Has your child moved back home from college for the summer? Your family is likely thrilled to have them under your roof again, but may be experiencing a bit of tension, fueled by your undergrad’s emotional state.
Perhaps they’re struggling with loss of independence, missing college friends, disappointed that high school friendships aren’t what they used to be, uninspired at their summer job, frustrated to have to follow rules or just really, really bored.
The following guidance is intended to help better understand where their heads may be at so you can help them cope and stay healthy and safe during a time of transition.
They're probably a bit anxious about being home
Teenagers usually go off to college with a sense of excitement about the prospect of being on their own. It’s often their first taste of freedom from their parents. Your teen has spent a year in a more unstructured and unsupervised environment. They have new friends you probably don’t know. It was a year of growth for them and, in reality, you may not know your child as well as you used to. Now they’re coming home to a family that expects them to be the same person they were when you dropped them off at school almost a year earlier. For all of these reasons, it’s common for them to be a bit anxious about coming home.
One way to ease your teen’s anxiety is to talk with them about what they’re going through. Remain calm, and really listen to what they have to say. Put yourself in their shoes and try to think about how you felt when you were their age. Remember to ask lots of open-ended questions (questions designed to elicit more than just a “yes” or “no” response) that keep conversations moving in the right direction.
Establish mutual respect by discussing the rules together
Respect is a two-way street. Make it clear that you’ll respect your teen’s independence and will make adjustments as they are now maturing into an adult. However, your teen has to respect your household rules too. Instead of getting caught up in a power play, remain calm and curious, and treat them with the respect they want in return.
As soon as your college kid arrives home, sit down and negotiate the household rules and what you expect from them. Be sure to discuss curfews, chores, and if you expect them to get a summer job, as well as your feelings about drinking and substance use. Instead of lecturing, have a conversation, respect your teen’s opinions and let them feel heard. You don’t have to agree to your teen’s every request, but giving them a voice will make them feel understood.
Also, use this as an opportunity for your teen to establish what they expect from you in return regarding their own personal wishes. Having an immediate conversation at the beginning of the summer can prevent confrontations during their stay at home.
Help your child learn coping skills.
Your teen may be struggling to figure out where they belong. Their friends may have changed, and things may not be exactly the way they thought they would be. Having a conversation with a sense of understanding and compassion can let your child know you are on their side.
Whatever it is they’re facing, help them understand that not everything in life will go the way we want it to. Learning healthy coping skills is an important part of being an adult, and using alcohol or other substances to cope with emotional pain is not a solution.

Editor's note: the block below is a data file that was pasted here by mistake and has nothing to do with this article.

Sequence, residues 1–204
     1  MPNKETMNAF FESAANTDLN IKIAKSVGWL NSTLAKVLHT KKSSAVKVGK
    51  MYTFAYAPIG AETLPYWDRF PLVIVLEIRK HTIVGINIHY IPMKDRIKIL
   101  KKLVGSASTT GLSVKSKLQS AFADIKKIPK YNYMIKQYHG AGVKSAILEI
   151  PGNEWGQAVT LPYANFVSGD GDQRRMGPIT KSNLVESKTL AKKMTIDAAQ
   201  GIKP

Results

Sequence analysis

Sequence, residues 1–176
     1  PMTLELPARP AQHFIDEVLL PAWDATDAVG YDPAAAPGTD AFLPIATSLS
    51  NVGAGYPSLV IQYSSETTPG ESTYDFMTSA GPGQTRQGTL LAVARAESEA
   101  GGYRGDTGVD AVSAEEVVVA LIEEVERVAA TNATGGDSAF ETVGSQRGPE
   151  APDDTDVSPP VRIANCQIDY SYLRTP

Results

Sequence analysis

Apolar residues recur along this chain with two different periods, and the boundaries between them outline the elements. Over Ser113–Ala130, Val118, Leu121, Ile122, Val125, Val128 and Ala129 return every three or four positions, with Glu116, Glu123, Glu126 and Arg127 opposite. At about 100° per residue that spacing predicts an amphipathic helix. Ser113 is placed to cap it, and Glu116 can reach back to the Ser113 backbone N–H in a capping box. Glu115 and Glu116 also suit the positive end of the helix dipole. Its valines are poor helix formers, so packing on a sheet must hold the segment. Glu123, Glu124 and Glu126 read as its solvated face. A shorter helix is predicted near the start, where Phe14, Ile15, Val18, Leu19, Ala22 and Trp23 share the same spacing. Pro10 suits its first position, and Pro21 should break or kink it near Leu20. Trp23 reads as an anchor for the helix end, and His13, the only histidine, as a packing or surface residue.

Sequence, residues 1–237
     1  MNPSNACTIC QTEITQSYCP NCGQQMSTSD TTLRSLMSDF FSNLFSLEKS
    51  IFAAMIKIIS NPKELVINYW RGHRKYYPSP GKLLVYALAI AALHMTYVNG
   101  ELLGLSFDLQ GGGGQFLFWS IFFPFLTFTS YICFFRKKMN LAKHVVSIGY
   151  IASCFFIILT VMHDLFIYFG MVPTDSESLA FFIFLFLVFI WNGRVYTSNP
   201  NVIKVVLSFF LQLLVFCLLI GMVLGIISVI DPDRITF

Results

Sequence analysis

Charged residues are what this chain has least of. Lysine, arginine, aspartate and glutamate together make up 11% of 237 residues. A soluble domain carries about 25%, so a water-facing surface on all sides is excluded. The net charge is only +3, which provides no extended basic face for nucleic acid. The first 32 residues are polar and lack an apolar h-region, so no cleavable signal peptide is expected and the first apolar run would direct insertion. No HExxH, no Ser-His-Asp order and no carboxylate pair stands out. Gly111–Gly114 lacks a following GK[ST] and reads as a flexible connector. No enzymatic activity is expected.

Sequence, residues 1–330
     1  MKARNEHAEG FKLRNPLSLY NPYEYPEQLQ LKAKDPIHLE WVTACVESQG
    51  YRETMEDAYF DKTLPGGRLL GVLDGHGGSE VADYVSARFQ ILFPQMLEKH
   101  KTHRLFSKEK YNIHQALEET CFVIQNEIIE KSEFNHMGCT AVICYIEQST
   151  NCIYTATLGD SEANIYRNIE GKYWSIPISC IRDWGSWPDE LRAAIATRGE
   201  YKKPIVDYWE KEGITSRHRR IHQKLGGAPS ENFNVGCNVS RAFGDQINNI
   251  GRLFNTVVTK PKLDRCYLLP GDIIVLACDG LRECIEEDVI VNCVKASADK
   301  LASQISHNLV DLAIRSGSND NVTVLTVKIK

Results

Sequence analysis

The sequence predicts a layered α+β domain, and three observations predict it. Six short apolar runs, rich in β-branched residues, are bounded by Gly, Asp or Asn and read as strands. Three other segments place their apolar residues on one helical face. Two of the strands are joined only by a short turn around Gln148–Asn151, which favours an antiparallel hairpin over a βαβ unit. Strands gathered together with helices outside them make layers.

Show your concern and ask permission to help your teen find healthy alternatives to dealing with difficult feelings rather than turning to substances. Sit down with your teen and have them make a list of positive skills to implement in their day-to-day life while at home. This could be whatever they enjoy, including sports, yoga, listening to music, hiking, dancing or even trying out a new activity. Volunteering is a great way to broaden awareness, meet new people, and give back to others. It also instills self-esteem to help make better choices.
However, it’s important to stay alert to possible mental health issues. Between the ages of 18 and 25, a lot of mental health disorders such as anxiety can develop. There is a strong link between mental and physical health issues and substance use. Be sure to find mental health resources for your child if needed.
Have a plan for if your teen is drinking or using drugs
Don’t overlook the prescription drugs in your home, which teens often have easy access to and can use. Be sure your prescription medicines are secured and that expired/unused medicines in your home are properly disposed of.
It is important to note that car crashes are the leading cause of death for US teens. According to the National Highway Traffic Safety Administration, the period between Memorial Day and Labor Day is the deadliest for drivers aged 15-20. Driving under the influence and texting while driving are incredibly dangerous. Make it clear to your child that this behavior is unacceptable, and that if they need a ride or help getting out of a situation, you are there for them.
Lastly, remind your teen that you love them, care about them, and are there to talk about these – or any other – issues that they’re dealing with. It’s not all about the topic of drinking, drug use and safety – it’s about maintaining a generally healthy, supportive relationship. Your child needs to know that if any problem or difficult situation arises, they can always turn to you for help – whether they’re away at college or back at home.